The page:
Technology and Me!

Technology and me … do not go together well, at all!

It is one of those well-known facts that you cannot be good at everything. Well, I am good with words but useless at maths. I am a good cook but try to toss me an apple and it will inevitably fall “splat” at my feet. I was the last to be chosen for any sport (except swimming, at which I excelled for some reason) at school. My feet were at serious risk when throwing the javelin, I skived off the cross-country runs to take the short cut through the woods, and do not think I have ever hit any ball aimed at me during tennis, netball or hockey games.

I can write on the computer and even managed to set up my own website and this blog page, but it is a good job no one was in the same room as me when I was doing these things, as my language was not fit for delicate ears ­čÖé Now, egged on by my, very patient, publisher “Sunpenny” and author friends, I am on Facebook and can be found tweeting away quite happily most days. I even found out where the hashtag key was last week and since then have been happily inserting # everywhere.

So, I am not quite sure what I think about an unexpected gift my lovely husband gave me today. I am now the proud owner of a “proper” telephone. A Samsung J5 to be exact! Maybe I should explain that my first mobile phone was a gift from my father about 15 years ago and the main problem with it was that I somehow managed to turn it on with my house keys when it was nestling in my handbag. I was unaware of this but Guido got fed up of receiving calls from me, from the muffled depths of my bag. Luckily for me, when I mentioned this dilemma at a friend’s house one summer evening, her sweet son dashed off into the house and came back with his old phone which had a flip-up lid, perfect for protecting it from the savage attack of keys in bags. I loved it from the start and have treasured it ever since. I refused point blank to upgrade. I even love the shape of this old phone, like a small black pebble or shiny dinosaur egg (dinosaurs are the right epoch for this phone, my son, James, sarcastically claims!) that fits easily in my palm. Recently, while driving home from Germany to Italy, my husband asked me to phone a friend for him on his smart phone. I am not sure what I did but the numbers somehow became all mixed up and it took him hours, once we got back home, to sort out the mess.

So, now I am both excited and nervous about my darling new phone. I like it because it is called a J5. ┬áJ for James ┬á– 5 is a nice number. I will call it Jay, which sounds quite friendly. Maybe, if I am lucky, we will build a good relationship. I shall have to develop new skills such as that sliding motion used to turn it on and off (not easy for me) and writing without having a proper button to press (such a satisfying feeling to actually press down and know you have done it right) however, I think it might prove to be worth the effort. I will let you all know how I get on.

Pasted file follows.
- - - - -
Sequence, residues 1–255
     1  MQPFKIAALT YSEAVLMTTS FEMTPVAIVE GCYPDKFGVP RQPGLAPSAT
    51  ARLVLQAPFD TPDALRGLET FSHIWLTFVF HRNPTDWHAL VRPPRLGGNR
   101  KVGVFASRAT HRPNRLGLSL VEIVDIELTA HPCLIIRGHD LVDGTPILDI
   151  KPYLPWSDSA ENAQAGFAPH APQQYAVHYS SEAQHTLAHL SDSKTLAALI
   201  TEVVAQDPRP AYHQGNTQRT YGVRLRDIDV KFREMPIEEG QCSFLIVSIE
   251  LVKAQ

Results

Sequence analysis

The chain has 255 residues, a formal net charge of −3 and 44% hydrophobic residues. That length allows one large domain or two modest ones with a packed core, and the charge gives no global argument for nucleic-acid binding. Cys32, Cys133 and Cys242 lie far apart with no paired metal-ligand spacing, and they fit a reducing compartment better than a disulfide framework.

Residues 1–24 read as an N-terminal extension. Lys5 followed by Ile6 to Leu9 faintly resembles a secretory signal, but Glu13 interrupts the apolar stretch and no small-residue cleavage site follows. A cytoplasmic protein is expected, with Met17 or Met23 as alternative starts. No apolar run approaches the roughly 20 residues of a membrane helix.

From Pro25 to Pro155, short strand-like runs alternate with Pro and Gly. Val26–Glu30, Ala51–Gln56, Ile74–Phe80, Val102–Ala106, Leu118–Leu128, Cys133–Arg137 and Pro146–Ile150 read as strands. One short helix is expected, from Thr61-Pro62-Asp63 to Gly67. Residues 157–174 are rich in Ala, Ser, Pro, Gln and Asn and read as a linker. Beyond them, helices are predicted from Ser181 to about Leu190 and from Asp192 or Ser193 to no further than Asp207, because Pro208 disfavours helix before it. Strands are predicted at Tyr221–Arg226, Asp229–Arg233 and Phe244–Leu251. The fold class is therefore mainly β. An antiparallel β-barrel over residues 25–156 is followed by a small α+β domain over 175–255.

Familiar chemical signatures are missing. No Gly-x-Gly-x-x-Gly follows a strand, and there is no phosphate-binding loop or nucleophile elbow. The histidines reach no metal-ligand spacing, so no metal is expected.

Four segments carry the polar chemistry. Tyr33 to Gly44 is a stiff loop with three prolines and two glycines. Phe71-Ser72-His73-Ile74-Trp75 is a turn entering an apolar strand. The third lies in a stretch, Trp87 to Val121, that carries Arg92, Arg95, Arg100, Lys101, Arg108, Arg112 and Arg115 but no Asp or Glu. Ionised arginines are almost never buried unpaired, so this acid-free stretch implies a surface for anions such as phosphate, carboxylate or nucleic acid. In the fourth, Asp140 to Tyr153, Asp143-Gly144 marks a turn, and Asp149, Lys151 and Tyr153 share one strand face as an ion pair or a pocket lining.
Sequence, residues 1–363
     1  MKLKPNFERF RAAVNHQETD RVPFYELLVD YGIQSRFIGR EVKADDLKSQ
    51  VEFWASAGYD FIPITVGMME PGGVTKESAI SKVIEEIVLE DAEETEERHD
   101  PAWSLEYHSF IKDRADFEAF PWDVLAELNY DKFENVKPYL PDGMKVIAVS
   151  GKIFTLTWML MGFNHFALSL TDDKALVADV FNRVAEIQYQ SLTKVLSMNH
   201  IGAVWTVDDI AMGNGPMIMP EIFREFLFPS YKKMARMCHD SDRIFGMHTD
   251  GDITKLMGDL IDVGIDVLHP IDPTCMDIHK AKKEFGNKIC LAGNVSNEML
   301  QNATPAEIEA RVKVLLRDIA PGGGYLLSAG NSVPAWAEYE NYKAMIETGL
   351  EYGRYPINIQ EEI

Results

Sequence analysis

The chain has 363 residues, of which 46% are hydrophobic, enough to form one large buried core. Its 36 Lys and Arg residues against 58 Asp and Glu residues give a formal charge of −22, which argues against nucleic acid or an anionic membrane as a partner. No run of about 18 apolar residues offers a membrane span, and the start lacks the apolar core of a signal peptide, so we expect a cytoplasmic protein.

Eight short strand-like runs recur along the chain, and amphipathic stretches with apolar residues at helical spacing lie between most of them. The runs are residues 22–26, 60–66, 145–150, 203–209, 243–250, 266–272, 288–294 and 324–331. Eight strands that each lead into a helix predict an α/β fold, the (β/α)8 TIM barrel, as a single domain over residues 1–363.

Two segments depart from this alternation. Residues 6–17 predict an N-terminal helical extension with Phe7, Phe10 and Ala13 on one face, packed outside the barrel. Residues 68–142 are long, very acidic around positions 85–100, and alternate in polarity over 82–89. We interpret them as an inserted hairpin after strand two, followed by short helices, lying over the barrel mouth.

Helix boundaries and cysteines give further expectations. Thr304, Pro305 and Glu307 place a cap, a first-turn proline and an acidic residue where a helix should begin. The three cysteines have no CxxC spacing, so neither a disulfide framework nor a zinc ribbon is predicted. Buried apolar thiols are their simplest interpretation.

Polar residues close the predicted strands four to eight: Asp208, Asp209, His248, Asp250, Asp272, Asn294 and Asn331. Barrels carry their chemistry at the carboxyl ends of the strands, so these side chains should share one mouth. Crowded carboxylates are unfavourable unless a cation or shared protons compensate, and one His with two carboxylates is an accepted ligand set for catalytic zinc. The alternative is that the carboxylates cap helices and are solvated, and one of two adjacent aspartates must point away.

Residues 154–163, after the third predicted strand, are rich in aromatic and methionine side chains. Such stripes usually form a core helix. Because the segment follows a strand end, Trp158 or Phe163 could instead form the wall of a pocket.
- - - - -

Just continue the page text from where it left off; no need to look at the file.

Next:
Right now, Jay is charging up. It is best if he has a good rest before we begin the battle of transferring old numbers, getting to grips with pre-emptive text and finally … making a call or two.

Wish us luck!



Music for your ears?

Some anecdotes from our time as managers of the lovely “Henry” guesthouse in Bath are just too good not to share with you. This is one of my favourites.

At the Henry our bedroom was below the railings that fronted the guesthouse, so we heard everything happening on the road. I eventually got quite used to it and managed to sleep most of the time. One night however, there was music blaring out for ages and I thought it would wake the guests. Guido, bless him, had somehow managed to sleep, so it was up to me to sort things out.

I got up and went up to the breakfast room in my dressing gown to look out the window, expecting to see a street party – nothing. Just then a slightly squiffy Scot, part of a wedding party, came down stairs. A bit embarrassed to be discovered in my dressing gown, I did not pay much attention to his ramblings at first. He said he would go out and find the party. That seemed quite a good idea, I thought, wishing ┬áthere was a bit more fabric in my robe. As the young man left the house though, I heard him promising to stop the noise for me. That prospect seemed more worrying than anything else so I scampered back downstairs, pulled on my tracksuit and went to sort out the noise makers myself.

Rebecca's wedding - Copia

Good job my hero was not wearing his highland dress that evening!


As soon as I shut the front door there was total silence! I looked up and down the street. Nothing. No one! I had a wander to the corner. Empty streets. I was mystified. The only movement was a car parked in front of the B&B with a rather familiar bottom sticking out, its owners head and shoulders inside the car. As I got closer I could hear a deep and somewhat slurred Scottish voice saying,┬á” and the music was crap anyway, you know! My landlady is very cross and you don’t want to upset her!”